When designing your resume, think about how you are going to present the information in the best way possible. If a graphic is going to help with that, feel free to use it, but in our experience, we have found that most graphics either distract or confuse readers. For example, let’s say you turn your initials into some kind of fancy logo (something we see frequently). How does this help make the case that you have the correct qualifications for the position? It’s not really giving much information to a hiring manager, but it could bewasting valuable space or drawing a reader’s eye away from your skills and experience. An employer isn’t going to immediately reject a candidate with a small logo in the corner, but remember, you’re trying to stand out as the best candidate, so you want to do everything possible to get the hiring manager’s eyes to the right place.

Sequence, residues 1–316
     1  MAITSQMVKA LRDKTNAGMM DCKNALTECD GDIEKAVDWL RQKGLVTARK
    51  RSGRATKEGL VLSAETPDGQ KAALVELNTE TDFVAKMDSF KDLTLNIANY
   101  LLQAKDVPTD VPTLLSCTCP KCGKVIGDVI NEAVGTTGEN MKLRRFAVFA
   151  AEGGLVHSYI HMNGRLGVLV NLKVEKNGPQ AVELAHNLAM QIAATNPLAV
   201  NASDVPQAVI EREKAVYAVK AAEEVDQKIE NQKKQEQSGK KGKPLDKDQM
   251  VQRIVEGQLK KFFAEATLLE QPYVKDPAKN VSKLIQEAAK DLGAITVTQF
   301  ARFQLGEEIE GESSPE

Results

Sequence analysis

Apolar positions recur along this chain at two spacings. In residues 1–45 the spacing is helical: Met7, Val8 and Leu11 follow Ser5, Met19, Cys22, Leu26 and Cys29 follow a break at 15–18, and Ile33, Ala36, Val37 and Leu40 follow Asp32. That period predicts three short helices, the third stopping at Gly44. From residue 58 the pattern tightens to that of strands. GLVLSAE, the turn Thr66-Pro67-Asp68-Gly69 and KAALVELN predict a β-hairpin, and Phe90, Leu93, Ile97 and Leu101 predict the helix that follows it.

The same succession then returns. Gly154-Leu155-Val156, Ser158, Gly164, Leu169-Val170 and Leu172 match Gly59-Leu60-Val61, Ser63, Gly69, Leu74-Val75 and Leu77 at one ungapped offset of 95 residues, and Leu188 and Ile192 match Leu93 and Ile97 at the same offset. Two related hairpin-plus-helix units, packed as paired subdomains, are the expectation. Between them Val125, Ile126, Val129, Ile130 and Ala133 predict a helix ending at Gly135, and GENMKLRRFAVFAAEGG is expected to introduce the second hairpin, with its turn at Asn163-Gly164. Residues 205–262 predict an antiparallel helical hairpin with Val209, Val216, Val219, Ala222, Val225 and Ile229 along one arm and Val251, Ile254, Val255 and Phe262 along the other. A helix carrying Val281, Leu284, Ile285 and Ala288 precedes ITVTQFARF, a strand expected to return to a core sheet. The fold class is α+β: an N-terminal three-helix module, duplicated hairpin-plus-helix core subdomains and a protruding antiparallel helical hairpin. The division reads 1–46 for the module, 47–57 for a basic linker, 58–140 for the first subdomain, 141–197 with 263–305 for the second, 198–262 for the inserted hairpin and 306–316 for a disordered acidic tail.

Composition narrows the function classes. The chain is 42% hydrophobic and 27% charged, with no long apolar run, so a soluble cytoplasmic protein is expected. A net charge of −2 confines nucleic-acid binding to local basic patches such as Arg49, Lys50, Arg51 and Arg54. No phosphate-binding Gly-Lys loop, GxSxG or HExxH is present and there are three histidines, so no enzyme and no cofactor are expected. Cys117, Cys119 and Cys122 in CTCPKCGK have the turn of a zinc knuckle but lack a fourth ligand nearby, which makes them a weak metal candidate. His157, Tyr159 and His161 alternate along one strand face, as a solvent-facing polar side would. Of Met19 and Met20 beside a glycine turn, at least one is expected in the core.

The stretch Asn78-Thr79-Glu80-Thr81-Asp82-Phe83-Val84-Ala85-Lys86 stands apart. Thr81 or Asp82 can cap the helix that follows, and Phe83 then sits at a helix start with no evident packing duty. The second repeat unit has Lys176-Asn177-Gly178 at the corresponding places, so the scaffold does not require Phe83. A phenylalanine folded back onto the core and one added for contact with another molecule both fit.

One resume graphic that really can hurt you is a skills graph, where candidates have their skills listed and little bubbles indicating their level of experience with each skill. All this does is call attention to the fact that you aren’t great at certain skills. If a company is looking for someone that knows Photoshop, they’re far more likely to hire the person that has Photoshop simply listed as a skill than someone who indicates with bubbles that they’ve still got a lot to learn about the software. Never give that information away on paper -- you'll never get called in for an interview. If an employer needs an expert-level Photoshop user for an open position, they’ll surely bring it up when they meet with you, and then you’ll have the opportunity to explain your level of experience (or willingness to learn, if you don't have quite as much experience as desired). Think about graphics like these from a reader's perspective -- they might look cool and interesting, but no one has time to decipher what they actually mean.